Smithsonian American Art Museum Acquires “Agricola IV” by David Smith
The Smithsonian American Art Museum announced today that it is acquiring “Agricola IV” by David Smith, one of the most influential and celebrated American sculptors of the 20th century. The sculpture, which is from a pivotal period in the artist’s career, is a gift from long-time museum supporters Sam Rose and Julie Walters.
The museum’s Board of Commissioners approved the acquisition at its Nov. 9 meeting.
Smith was the first American to sculpt directly in metal, a technique pioneered in the late 1920s by avant-garde European artists Julio Gonzáles, Pablo Picasso and Alberto Giacometti. Made from tools, metal plate and other utilitarian objects, Smith’s constructions radically challenged American notions of sculpture and especially the art deco aesthetic that dominated American galleries and public spaces in the 1930s.
“‘Agricola IV’ is a transformative acquisition, one that anchors the story of sculpture in America and shows how Smith changed the arc of visual expression in three-dimensions in the 20th century,” said Betsy Broun, The Margaret and Terry Stent Director at the Smithsonian American Art Museum.
Smith’s “Agricola” series draws its title from the Latin word for farmer. The 17 “Agricola” sculptures, his first major series, were constructed from discarded farm tools and machinery he found near his studio in Bolton Landing, N.Y. The airy, open form of the “Agricola” sculptures marked Smith as a powerful new force in American sculpture.
Smith began “Agricola IV” (1952) by tack welding elements laid out on the floor, then set them upright and attached additional pieces. The sculpture rises like a totem from the agrarian past, an emblem of a way of life mostly abandoned in the industrial age.
“Agricola IV” is currently on display at the museum in the exhibition “Crosscurrents: Modern Art from the Sam Rose and Julie Walters Collection” that examines the intellectual and artistic exchange between Europe and America throughout the 20th century. The 33 artists presented in the exhibition, including Smith, reflect many of the defining moments in what is now broadly called modernism. The exhibition, organized by Virginia Mecklenburg, chief curator, runs through April 10, 2016.
“Agricola IV” joins seven other artworks on view in “Crosscurrents” that are partial and promised gifts to the museum, including paintings by Marsden Hartley, Edward Hopper, Alex Katz, Georgia O’Keeffe and Wayne Thiebaud and an early sculpture, “Reclining Figure” (1935) by Smith.
The museum published a catalog to accompany the exhibition. “Crosscurrents: Modern Art from the Sam Rose and Julie Walters Collection” is organized by the Smithsonian American Art Museum with generous support from Robert Castellini in honor of James Dicke, the Gene Davis Memorial Fund, the James F. Dicke Family Endowment, Tania and Tom Evans, Paula and Peter Lunder, the Michael A. and the Honorable Marilyn Logsdon Mennello Endowment, the James F. Petersen Charitable Fund in honor of Tania and Tom Evans, and Pam and Scott Ulm.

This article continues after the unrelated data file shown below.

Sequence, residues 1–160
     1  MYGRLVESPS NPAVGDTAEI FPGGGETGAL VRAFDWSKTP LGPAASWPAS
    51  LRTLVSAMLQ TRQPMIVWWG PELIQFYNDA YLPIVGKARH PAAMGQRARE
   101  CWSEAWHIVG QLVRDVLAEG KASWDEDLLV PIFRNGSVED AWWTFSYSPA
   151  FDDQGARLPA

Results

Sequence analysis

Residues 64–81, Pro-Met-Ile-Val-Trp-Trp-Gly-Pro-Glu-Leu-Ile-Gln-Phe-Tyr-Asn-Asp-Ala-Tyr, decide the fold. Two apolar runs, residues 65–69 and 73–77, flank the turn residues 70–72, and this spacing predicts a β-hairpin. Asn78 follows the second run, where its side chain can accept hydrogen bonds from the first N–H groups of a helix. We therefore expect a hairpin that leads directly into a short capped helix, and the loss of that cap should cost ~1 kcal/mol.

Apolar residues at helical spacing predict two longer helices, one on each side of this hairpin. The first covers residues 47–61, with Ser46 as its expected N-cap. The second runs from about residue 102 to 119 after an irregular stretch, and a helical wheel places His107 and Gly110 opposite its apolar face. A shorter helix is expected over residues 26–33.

The Smithsonian American Art Museum’s collection of American sculpture is one of the largest in the world, consisting of more than 2,000 examples that span the full range of expression in three dimensions. This unparalleled collection offers exceptional representation of several major movements, including neoclassicism, Beaux-Arts, art deco and direct carving, each represented respectively by more than 50 examples by Hiram Powers, Olin Levi Warner, Paul Manship and William Zorach. The collection include several one-of-a-kind examples that are mile markers in the history of American art, including Ferdinand Pettrich’s “The Dying Tecumseh,” Horatio Greenough’s “George Washington,” Alexander Calder’s “Nenuphar,” which was made specifically for the collection, Isamu Noguchi’s “Grey Sun” and “Sollie 17” by Edward Kienholz and Nancy Reddin Kienholz.
About the Smithsonian American Art Museum
The Smithsonian American Art Museum celebrates the vision and creativity of Americans with artworks in all media spanning more than three centuries. Its National Historic Landmark building is located at Eighth and F streets N.W., above the Gallery Place/Chinatown Metrorail station. Museum hours are 11:30 a.m. to 7 p.m. daily (closed Dec. 25). Admission is free. Follow the museum on Twitter, YouTube, Tumblr, Instagram, Facebook, Flickr, Pinterest, iTunes U and ArtBabble. Museum information (recorded): (202) 633-7970. Smithsonian information: (202) 633-1000. Website: americanart.si.edu.
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